FILM REVIEW: A Monster Calls

A Monster Calls (J.A. Bayona, 2016)

A Monster Calls
begins with the explanation that its story starts “with a boy too old to be a kid, too young to be a man”. This is apt, given that the film is not clearly aimed at children or adults, but perhaps sits in some limbo area in-between. Initially conceived as a story by Siobhan Dowd, the novel was written by Patrick Ness after Dowd’s death from a terminal illness. Ness adapts his novel for the screen, with director J.A. Bayona (The Impossible) at the helm.

Conor (Lewis MacDougall) lives with his terminally ill mother (Felicity Jones) in a house overlooking a cemetery and a giant yew tree. At 12:07am the tree comes to life as a monster (voiced by Liam Neeson), who informs Conor that he will be told three stories before he must tell his own story, his “truth”. A young adolescent, Conor is confused by the lack of clear heroes and villains, and gains much knowledge from the monster while also embarking on a journey of self-discovery.

The film’s themes are primarily focused around grief, particularly a child’s experience of it.  It is unsurprisingly heart-breaking and even the most hardened viewer is likely to get hit in the gut by this grim yet beautiful story. At times the film’s message feels heavy-handed, with the monster spelling out the morals of the stories to Conor. It is unclear who exactly the film is targeted at, and it seems possible it may suffer as a result. Its exploration of a child’s experience of grief may resonate with some younger viewers (in particular, older children who have experienced it), but on the whole it feels like a film for adults; a grim, tragic fairy tale.

The film boasts strong performances across the board. Felicity Jones reminds us of what she’s capable of when given a character with heart (something Rogue One’s Jyn Erso was lacking). Sigourney Weaver dons an English accent as Conor’s not-quite-villainous grandmother, and Liam Neeson lends his calming-yet-somewhat-intimidating voice to the tree monster. At the film’s centre is Lewis MacDougall who shines in his first leading role, believable every minute he’s on screen, capturing the trauma of a first, early experience of grief.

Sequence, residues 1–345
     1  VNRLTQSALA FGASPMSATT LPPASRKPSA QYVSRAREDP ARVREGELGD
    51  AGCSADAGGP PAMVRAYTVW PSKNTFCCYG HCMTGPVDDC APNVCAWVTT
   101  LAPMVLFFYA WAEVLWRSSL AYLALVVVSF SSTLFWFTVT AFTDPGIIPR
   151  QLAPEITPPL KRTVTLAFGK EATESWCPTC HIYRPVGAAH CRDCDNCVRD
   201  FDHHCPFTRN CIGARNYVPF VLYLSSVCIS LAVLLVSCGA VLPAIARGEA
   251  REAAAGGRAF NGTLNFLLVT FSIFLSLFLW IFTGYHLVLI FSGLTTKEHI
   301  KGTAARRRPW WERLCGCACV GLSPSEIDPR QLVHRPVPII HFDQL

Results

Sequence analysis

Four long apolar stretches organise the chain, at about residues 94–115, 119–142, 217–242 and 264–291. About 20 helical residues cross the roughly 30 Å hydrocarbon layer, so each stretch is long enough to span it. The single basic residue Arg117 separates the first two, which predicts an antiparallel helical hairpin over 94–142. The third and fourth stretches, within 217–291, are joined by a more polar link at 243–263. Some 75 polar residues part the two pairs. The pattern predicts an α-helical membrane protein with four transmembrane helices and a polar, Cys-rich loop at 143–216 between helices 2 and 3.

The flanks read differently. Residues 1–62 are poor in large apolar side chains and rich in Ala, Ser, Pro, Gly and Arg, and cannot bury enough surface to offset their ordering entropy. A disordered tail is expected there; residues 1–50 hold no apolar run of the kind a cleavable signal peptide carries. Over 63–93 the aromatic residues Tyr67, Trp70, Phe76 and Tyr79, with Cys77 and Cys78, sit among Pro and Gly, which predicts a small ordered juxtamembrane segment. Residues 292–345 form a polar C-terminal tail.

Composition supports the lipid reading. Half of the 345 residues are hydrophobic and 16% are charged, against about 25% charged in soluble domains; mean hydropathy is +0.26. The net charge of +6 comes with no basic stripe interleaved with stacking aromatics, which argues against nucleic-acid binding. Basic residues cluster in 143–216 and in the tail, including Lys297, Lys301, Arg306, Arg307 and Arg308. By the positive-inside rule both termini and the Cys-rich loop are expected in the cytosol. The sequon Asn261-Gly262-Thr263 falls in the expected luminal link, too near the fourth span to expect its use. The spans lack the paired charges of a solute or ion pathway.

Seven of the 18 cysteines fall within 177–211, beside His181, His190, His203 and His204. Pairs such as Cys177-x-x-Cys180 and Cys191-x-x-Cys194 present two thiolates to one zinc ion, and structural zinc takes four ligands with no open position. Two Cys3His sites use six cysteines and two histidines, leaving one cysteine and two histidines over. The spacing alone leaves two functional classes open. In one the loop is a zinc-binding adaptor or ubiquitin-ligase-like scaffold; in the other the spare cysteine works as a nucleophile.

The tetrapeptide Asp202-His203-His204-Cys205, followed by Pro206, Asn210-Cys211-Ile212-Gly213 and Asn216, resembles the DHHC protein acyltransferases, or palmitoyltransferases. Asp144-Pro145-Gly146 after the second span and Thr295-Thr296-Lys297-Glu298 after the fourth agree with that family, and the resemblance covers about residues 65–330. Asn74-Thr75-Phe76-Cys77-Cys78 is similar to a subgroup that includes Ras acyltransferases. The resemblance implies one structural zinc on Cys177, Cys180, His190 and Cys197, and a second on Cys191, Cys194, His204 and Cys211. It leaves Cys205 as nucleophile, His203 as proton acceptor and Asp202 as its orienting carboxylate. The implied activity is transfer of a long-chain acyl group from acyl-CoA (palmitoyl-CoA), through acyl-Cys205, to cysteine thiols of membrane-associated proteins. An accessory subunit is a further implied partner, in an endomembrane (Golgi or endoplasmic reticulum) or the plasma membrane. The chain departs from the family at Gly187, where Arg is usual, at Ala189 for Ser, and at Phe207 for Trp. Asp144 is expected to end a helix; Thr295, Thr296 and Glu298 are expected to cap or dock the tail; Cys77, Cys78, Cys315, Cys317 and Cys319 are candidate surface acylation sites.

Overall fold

The tree monster’s three stories are accompanied by stunning watercolour-inspired animation. Conor himself is an artist, often spending his nights furiously scribbling away with a pencil in his bedroom, but it is when the monster visits him that stories are brought vividly to life in dark tones that still retain a hint of colour and beauty. CGI is also used in the monster’s scenes, each tendril bursting with life, wrapping around Conor and his world. Scenes inside Conor and his grandmother’s houses also bear a fantastical quality, especially when 12:07 approaches.

For the most part, A Monster Calls tells a simple yet beautiful story. A subplot about bullying feels out of place and somehow unfinished, with these scenes providing the only insight into Conor’s experience of school. It seems that somewhere there is an important point to be made in this respect, but it gets lost, with these scenes ending up feeling like non-essential padding in an otherwise touching story. Overall, while it may not be J.A. Bayona’s biggest hit due to its target audience being unclear, A Monster Calls is certainly worth seeing.

3.5 stars

This review was first published at Film Blerg.

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